By: Bill Wednieski
Are you too busy to look for a new job? A headhunter can be an invaluable resource – we save you the time you don’t have and bring opportunities to you. Best of all, we can get you the most money that is realistically feasible. Looking for a job is generally an unpleasant experience so having an independent advocate just makes sense. Great headhunters provide helpful advice along the way and navigate the way before finally negotiating your offer for you.
Tips for job seekers
Before you jump in and start working with a headhunter, you need to understand what is that we do and exactly how we do it.
Timing. We generally can’t get you a new role by the following week. The moment you start thinking about moving on from your current role is when you should reach out to a headhunter. This makes you a “passive candidate”. Be patient as it often takes six months to a year to get out of your current position to a more desirable one. Fact: Passive candidates or candidates that were not even looking are hands down the most attractive to employers.
Communication frequency. Don’t reach out weekly to see what’s happening in the market. Great headhunters know how to market you and likewise, the opportunities you will thrive in. These opportunities don’t open up every day and we don’t just find people jobs. Instead, ask the headhunter how frequently you should check in.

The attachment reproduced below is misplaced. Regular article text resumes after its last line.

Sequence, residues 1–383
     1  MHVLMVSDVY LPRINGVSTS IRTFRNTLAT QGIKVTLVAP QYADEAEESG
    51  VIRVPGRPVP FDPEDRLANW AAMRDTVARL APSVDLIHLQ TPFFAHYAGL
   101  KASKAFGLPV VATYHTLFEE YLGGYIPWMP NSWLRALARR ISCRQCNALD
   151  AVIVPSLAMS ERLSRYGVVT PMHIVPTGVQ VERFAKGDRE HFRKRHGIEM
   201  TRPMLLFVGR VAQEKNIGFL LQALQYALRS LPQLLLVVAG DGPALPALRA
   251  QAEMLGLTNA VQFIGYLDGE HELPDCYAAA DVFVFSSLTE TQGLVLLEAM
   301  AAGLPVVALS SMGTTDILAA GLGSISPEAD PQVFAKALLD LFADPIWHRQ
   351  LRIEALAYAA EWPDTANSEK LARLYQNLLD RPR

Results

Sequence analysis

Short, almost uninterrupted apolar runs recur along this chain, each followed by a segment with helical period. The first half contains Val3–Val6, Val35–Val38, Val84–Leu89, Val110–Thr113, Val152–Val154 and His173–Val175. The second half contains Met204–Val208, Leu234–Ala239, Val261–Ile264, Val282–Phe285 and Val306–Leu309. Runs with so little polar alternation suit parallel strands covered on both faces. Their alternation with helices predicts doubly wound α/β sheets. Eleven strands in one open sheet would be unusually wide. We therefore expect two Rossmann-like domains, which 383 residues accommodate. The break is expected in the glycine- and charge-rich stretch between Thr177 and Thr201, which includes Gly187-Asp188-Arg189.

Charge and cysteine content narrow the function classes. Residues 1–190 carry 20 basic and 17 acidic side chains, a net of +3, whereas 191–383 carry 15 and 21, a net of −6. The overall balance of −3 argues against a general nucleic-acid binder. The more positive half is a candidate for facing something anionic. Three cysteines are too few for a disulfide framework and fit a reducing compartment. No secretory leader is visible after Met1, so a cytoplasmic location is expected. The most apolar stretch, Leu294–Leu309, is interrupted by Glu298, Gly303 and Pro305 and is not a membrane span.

Ask if you can help. It’s a two-way street. Make sure you’re being helpful to the headhunter too. After you’ve established a dialogue to help the headhunter to get to know you, what you can do, and what you are looking for, ask them what they’re currently working on. If you have a candidate in mind that may be a great fit, then make a connection or provide a name with contact info. Make sure to be clear if you want the headhunter to disclose that you are the source of the reference.
Do your homework. Find a recruiter that can actually help you find the job you’re looking for. The truth is we can’t help everybody. For example, I don’t help forklift drivers get new jobs and we don’t often place new college graduates. Companies don’t pay us to find candidates they can find on their own. We suggest asking around your network if a friend or trusted colleague has a referral.
Interview them. Evaluate whether you want to work with this person and their firm. Sometimes the recruiter can be obnoxious or simply does not get what you do or why what you do is a coveted skill. Sometimes the firm does not have a great reputation or they don’t work the searches you are interested in. Check out their job board and read their reviews.